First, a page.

Complete NFC North Preview

Here is a look at what you can expect from the Vikes, Lions, Packers and Bears this season…

Minnesota Vikings

When the Vikings gave QB Kirk Cousins the league’s richest and first-ever fully guaranteed multi-year contract, they bragged about being “all in.” Well, the pressure is on. Big time. The Vikings hand-picked the franchise quarterback to pair with the league’s top-ranked defense. If the Vikings stay healthy — a big if given this team’s track record at quarterback the past two years — nothing short of a Super Bowl will be acceptable. There’s certainly enough talent to get the job done.

Green Bay Packers

A few folks inside Lambeau Field wondered aloud after last season if such a painful step backward without QB Aaron Rodgers might be just what this team needed to move forward after NFC Championship Game losses in two of the previous three seasons. A healthy 16 games from Rodgers virtually guarantees a 10-6 finish at minimum — the Packers are 94-46 in games Rodgers started and didn’t leave with a broken collarbone over the past 10 years. Whether Rodgers gets to the second Super Bowl of his career, however, depends on whether his younger teammates elevate their games, and how many contributions the rookies can make.

Detroit Lions

The Lions haven’t won a division title in a quarter-century, and last season’s 9-7 finish felt like another missed opportunity, given the key quarterback injuries in Green Bay and Minnesota. Still, coming off back-to-back winning seasons for the first time since the mid-1990s, Detroit has the talent — and the quarterback — to be a playoff contender. And a playoff-starved fan base is banking on an engaging new coach in Matt Patricia to do what so many others before him couldn’t. Forget about the Patriot Way, he says: “After you have some success, that’s when you start calling it ‘The Lions Way.’”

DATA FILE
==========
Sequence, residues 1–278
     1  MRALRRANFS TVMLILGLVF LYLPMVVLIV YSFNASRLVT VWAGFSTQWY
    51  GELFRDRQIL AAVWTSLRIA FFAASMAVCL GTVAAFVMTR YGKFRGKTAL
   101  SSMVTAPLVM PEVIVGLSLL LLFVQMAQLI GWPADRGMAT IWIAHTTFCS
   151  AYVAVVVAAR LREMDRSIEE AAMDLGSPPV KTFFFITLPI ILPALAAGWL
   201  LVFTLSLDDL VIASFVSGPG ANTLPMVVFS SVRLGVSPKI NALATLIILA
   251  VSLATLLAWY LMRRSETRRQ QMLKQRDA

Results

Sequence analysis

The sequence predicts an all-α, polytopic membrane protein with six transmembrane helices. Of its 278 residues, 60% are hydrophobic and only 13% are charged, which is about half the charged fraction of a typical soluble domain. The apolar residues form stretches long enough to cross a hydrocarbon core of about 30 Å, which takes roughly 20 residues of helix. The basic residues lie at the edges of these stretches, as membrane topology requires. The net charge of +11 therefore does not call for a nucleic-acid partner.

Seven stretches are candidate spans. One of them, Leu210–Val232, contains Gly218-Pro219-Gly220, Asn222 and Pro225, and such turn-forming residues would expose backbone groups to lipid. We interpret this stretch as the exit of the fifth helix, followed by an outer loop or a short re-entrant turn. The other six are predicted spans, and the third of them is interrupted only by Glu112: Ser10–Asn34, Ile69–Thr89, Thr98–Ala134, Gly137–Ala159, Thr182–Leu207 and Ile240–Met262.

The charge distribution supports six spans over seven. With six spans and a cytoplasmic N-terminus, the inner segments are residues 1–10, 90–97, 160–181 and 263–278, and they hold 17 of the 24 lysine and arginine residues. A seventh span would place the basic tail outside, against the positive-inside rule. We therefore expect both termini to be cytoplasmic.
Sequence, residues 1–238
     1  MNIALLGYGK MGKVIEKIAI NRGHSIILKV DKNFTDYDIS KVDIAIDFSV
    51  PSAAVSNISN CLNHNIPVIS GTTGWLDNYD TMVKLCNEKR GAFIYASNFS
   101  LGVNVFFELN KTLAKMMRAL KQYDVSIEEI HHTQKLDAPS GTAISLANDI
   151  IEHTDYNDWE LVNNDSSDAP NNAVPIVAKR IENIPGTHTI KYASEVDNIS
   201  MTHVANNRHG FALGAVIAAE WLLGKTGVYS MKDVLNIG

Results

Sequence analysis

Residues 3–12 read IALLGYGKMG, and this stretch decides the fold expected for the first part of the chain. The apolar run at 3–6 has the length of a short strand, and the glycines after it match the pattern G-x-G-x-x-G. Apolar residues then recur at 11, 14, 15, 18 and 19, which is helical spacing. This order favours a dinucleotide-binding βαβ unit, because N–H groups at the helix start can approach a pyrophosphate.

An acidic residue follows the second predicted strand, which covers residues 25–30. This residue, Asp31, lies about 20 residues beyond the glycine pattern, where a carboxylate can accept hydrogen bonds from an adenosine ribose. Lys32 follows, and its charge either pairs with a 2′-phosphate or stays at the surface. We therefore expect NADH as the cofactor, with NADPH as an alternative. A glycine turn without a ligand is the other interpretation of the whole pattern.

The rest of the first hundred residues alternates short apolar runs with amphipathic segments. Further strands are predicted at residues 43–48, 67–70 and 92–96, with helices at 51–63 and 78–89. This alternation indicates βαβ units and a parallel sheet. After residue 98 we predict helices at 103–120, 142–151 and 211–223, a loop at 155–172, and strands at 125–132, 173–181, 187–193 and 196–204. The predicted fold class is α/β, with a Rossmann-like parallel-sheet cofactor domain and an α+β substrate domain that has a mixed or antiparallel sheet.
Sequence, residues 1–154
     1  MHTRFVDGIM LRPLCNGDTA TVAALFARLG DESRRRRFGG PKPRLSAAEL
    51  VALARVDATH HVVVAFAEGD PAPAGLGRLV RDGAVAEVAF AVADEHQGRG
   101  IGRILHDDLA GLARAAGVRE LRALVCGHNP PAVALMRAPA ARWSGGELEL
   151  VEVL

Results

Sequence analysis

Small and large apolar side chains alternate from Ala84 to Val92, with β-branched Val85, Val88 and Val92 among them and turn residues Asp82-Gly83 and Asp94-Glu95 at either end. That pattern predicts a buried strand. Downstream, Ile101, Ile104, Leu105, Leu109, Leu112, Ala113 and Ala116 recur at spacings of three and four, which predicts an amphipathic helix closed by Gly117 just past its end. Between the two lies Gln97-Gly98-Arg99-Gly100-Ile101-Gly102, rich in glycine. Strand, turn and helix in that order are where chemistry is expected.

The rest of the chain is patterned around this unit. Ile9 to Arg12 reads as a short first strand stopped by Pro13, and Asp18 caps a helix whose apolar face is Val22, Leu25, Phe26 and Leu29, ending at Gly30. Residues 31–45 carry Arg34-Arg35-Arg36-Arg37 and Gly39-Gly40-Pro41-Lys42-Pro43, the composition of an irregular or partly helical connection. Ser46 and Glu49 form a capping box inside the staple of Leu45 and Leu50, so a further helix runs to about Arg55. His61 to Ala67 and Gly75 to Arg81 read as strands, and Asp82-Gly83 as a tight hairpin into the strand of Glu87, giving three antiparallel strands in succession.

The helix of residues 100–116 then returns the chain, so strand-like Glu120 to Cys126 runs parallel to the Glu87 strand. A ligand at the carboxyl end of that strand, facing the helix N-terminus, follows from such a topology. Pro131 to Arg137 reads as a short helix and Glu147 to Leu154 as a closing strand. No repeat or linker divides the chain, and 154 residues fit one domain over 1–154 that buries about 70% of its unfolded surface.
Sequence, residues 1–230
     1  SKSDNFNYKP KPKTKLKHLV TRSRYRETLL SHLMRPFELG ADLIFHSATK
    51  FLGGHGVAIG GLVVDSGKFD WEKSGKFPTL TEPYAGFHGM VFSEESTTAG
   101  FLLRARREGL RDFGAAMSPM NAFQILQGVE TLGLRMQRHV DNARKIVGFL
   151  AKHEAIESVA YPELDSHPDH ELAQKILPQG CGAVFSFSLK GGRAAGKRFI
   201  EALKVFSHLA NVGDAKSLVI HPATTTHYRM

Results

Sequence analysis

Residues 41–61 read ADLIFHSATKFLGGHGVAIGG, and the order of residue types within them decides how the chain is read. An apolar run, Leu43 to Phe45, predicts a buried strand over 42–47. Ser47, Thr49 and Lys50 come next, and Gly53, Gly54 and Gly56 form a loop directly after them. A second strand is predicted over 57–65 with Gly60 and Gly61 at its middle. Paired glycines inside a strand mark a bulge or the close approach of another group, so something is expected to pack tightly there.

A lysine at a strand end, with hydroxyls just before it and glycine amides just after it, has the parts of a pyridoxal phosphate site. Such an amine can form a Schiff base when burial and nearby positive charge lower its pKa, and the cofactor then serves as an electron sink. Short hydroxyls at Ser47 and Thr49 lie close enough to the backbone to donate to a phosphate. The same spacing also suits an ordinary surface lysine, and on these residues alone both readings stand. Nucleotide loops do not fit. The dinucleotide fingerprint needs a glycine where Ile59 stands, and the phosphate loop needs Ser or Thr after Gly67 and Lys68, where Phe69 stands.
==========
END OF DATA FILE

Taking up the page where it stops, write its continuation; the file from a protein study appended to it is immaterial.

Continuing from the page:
Chicago Bears

New head coach Matt Nagy seems to be more in sync with GM Ryan Pace than John Fox ever was. This year’s additions in free agency did an excellent job of specifically addressing weaknesses, although Pace’s track record in the market has been uneven at best. Everything revolves around making QB Mitch Trubisky the franchise quarterback, from personnel to staff. Nagy’s presence as an offensive mastermind, along with innovative offensive coordinator Mark Helfrich and holdover quarterbacks coach Dave Ragone, should help. Pass-catching talent was added in free agency, but Trubisky will be throwing to several players with whom he’s never taken a snap in an NFL game. He’ll also be operating in his third system in as many years. That’s a lot to handle for a young quarterback. But the defensive improvement should continue under Vic Fangio, and the Bears should improve on last year’s 5-11 record.

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NFL Football 2017-18 Season

NFC North Division Preview

With the days and weeks of summer ticking by, the arrival of a new NFL season continues to approach. Fans still have to wait until September 7th for Kansas City and New England to kick off in Gillette Stadium, but they don’t have to wait much longer for pre-season football starting August 3rd at FanPicks. To get you ready for the new season, here’s the outlook of NFC North teams.

Chicago Bears

After eight years of teasing with rare flashes of talent but always underachieving, Jay Cutler is gone as the Bears leading quarterback. Mike Glennon is the successor. But Glennon is in a win-now-or-else situation, because the Bears used the second overall pick in the draft on Mitchell Trubisky, who general manager Ryan Pace hopes will become the team’s franchise quarterback. If Trubisky doesn’t deliver, Pace will soon follow Cutler out of town. Glennon got a three-year $45 million deal, but after the $16 million he’s guaranteed this year, just $2.5 million more is guaranteed. The hope is that by 2018, Trubisky will be ready to replace Glennon, or that Glennon plays well enough to keep the rookie on the bench for another year of seasoning.

Chicago lost its best offensive weapon in wide receiver Alshon Jeffery. To replace Jeffery, the Bears added free-agent wide receivers Markus Wheaton and Kendall Wright, both of whom fit best as slot receivers and are young enough to duplicate promising seasons they enjoyed earlier in their careers. They also add some much-needed speed to complement 6’3″ Cameron Meredith, an undrafted free agent in 2015 who had a breakout sophomore season in 2016 with 66 receptions for 888 yards.

The tight end position should be much improved within the Bears organization with the return of talented pass catcher Zach Miller and the addition of ascending, three-down player Dion Sims in free agency. The Bears also used a second-round pick on 6’6″, 277-pound Adam Shaheen, who could also contribute on all three downs provided he can make the jump from Division-II Ashland.

The run game is in excellent hands. Jordan Howard may have been the biggest steal of the 2016 draft after Cowboys quarterback Dak Prescott. The fifth-round choice from Indiana rushed for a Bears rookie-record 1,313 yards. He had a higher average per carry (5.2 yards) than Ezekiel Elliott.